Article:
Assessment Guidance: Assessment Preparation

By this point, you know what you want to do and generally how you want to achieve your goals. Next up is defining your approach. By taking the time to outline your overall approach, you will have a clear idea of how you will answer the questions at hand and what you need to do so.


Step 1: Develop a conceptual model

A conceptual model is a visual representation of the system you will assess. The conceptual model should include influences and relationships among processes and features.

Using your goals, objectives, and outcomes as a reference, answer three questions:

Example processes and factors to be considered when developing your conceptual model, including ecological resources of interest, scale of assessment, key processes that are functionally linked with impacts or outcomes of interests, types and levels of process impairment or stressors, and available and relevant datasets.

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1) What do you care about?

What are your specific questions? What specific issues are you concerned with?

Remember - scale matters and should be accounted for explicitly. Assessment conducted at different scales will provide complementary insights about processes and impacts, and will provide information to assess patterns across landscapes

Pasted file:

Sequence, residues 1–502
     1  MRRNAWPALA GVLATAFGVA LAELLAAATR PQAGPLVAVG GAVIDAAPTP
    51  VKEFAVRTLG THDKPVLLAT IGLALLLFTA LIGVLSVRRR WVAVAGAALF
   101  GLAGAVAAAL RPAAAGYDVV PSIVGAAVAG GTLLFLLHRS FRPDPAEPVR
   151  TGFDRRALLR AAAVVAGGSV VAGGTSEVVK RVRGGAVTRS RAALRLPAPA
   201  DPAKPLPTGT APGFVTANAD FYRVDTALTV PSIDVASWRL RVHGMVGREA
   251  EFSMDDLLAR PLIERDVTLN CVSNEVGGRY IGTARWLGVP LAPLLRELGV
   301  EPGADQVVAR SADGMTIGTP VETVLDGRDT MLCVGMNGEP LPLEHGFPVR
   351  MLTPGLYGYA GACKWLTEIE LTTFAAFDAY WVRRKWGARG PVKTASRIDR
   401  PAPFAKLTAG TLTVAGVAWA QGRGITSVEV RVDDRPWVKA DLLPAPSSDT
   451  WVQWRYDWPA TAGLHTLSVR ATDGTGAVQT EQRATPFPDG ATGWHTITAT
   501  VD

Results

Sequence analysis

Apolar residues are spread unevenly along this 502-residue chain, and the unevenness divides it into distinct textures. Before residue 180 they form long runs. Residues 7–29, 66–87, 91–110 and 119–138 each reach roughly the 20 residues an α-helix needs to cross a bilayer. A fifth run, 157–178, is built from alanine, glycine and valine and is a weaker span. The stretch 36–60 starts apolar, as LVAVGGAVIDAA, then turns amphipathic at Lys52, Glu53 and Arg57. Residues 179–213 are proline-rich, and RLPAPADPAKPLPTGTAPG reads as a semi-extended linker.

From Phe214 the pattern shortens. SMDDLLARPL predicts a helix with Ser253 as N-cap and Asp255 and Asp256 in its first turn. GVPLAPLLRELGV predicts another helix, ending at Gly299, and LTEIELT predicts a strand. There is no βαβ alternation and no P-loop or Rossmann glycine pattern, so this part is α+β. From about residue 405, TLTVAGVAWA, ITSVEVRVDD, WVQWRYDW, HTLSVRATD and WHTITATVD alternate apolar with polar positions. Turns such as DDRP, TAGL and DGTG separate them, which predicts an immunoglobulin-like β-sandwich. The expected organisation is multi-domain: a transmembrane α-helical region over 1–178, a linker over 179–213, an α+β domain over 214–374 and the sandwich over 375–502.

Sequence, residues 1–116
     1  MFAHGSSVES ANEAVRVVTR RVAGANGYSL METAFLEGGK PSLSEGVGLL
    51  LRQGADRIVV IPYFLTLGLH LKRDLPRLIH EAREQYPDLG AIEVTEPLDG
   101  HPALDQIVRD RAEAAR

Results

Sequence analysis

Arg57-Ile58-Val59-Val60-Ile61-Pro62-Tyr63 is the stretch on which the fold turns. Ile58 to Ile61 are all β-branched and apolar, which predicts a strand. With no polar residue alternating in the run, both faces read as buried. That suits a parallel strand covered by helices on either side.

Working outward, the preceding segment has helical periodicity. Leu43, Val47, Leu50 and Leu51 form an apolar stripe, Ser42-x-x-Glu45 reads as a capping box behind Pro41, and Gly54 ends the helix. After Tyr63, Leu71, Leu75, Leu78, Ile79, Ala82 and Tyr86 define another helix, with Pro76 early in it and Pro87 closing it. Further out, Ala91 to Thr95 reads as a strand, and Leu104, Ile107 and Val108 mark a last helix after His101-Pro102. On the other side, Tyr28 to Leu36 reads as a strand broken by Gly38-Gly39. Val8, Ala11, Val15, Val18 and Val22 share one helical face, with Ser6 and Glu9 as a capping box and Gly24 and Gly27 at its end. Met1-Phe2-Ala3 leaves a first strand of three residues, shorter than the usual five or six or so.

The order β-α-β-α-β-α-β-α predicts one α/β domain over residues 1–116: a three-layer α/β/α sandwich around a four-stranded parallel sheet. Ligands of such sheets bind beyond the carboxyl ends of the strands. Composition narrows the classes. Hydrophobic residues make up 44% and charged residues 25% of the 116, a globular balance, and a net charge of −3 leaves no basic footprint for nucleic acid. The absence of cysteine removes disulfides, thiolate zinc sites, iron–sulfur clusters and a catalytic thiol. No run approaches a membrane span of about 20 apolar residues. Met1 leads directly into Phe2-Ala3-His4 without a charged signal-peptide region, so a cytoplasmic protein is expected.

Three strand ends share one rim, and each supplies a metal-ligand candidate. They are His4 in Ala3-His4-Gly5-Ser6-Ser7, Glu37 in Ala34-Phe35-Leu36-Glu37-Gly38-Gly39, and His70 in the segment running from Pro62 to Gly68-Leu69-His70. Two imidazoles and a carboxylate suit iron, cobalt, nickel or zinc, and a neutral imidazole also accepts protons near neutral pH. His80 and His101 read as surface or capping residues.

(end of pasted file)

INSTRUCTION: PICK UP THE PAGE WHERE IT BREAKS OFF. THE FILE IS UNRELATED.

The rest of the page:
2) What processes and influences affect what you care about?

Key processes (among the multitude of potential processes) are those that are functionally linked with the impacts or outcomes of interest.

Be sure to address process impairments, both quantitatively and qualitatively and to identify the types and levels of process impairment. More complex and integrative metrics (e.g., CSCI scores) can help understand more complex patterns and prioritize across multiple stressors and impacts.

Explicitly consider:

  1. the food web and whether to include in the assessment
  2. links from water to land as well as land to water

3) What are the drivers or fundamental causes of alterations to these processes?

For example, impacts to water quality are often really about what has been done to a stream system and its dynamic interactions (e.g., removal of riparian buffer, paving of pervious surfaces, alteration of flow, etc).

Step 2: Develop data collection and management plan

Before going out and getting more data, it is important to first take an inventory of the data that is already available.

  1. What data are already available?
  2. What data will you need to be made? What measurements/observations will you need to collect?
  3. How will you collect new data?
  4. How will you manage your data?
      1. Pro tip! Use your conceptual model that you developed in Step 1 to help guide and identify your data needs.

See the Data Acquisition, Monitoring and Data Management Page for more guidance.

Step 3: Select the appropriate assessment tool(s)

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Is something missing?  Should other tools be available? Let us know!


  1. What is a conceptual model?
  2. Guide for Developing Conceptual Models for Ecological Risk Assessments
  3. Using conceptual models as a planning and evaluation tool in conservation (Margoluis et al., 2009)
  4. Australian Government’s Guide to Conceptual Models
  5. Conceptual Modeling in Adaptive Conceptual Modeling in Adaptive Watershed Management (UC Davis Workshop)

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